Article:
Sleep, the evidence-based crowd and the vestibular system
Evidence-based folks love sleep. I get it. Sleep is important. Sleep, if anything, might just be the most under appreciated aspect of health and performance. With that in mind, I find sleep needs to be discussed but, recently, if you listen to some, it seems like sleep can cure all.
Sleeping is just as popular with the evidence-based crowd as moving is. Who can be against moving, right?
Movement is key and movement is king. This being said, how about when individuals cannot move as they please?
If you listen to one of the most respected researchers, physiotherapist and chiropractor around, Greg Lehman, he will tell you that if you can’t raise your arm by bringing it up in front of you, you simply should precede to raising it by bringing it up by your side. I attended his course Reconciling Biomechanics with Pain Science earlier this year. One of the key take homes was: the body can adapt! Isn’t that grand?
To be fair to him, he did not instruct how to plant the first nail in one’s coffin. Maybe that’s in his other courses. I’ll have to check it out…
So moving is good but if you can’t move, you need to move differently and if that is difficult, maybe you need to move less… and differently… Essentially, no one here is discussing how to beat world records…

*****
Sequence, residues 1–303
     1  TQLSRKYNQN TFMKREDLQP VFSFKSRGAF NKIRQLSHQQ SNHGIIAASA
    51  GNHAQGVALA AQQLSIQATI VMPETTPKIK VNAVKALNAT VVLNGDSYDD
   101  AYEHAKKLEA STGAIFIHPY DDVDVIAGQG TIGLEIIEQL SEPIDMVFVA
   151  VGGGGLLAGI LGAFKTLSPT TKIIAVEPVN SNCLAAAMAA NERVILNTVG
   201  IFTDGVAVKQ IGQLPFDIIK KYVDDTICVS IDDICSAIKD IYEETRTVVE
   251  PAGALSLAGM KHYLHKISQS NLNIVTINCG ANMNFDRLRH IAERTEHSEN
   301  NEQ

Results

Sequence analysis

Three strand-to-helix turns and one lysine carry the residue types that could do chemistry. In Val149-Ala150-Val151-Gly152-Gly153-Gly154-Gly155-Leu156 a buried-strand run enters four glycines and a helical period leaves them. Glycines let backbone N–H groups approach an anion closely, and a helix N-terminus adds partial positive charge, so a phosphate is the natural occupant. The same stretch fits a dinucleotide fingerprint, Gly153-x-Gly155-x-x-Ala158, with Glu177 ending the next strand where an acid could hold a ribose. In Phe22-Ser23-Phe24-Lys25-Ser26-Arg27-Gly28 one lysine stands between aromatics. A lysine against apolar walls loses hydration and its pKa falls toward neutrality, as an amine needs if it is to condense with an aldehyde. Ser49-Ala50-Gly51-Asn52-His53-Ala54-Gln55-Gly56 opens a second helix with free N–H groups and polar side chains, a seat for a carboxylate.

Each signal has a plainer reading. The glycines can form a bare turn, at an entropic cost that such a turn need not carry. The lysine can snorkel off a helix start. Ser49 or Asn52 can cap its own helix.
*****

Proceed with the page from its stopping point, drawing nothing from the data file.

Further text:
So what about sleep? Sleep is good. We know that, but what about if you have a hard time sleeping?
Recent insights (2018) are making a connection between the sense of balance and sleep. What we know is that not only is our balance (vestibular) system responsible for gaze stabilization and postural control, it is also involved in spatial cognition and spatial memory, for instance.
As well, at the level of the brainstem, the vestibular organs also influence postural blood pressure regulation, bone density and muscle composition via specific vestibulo-sympathetic efferences. These have been shown to act as a powerful synchronizer of circadian rhythms.
It could be that vestibular inputs might influence the sleep-wake state switch, informing the brain about the daily quantity of motion.
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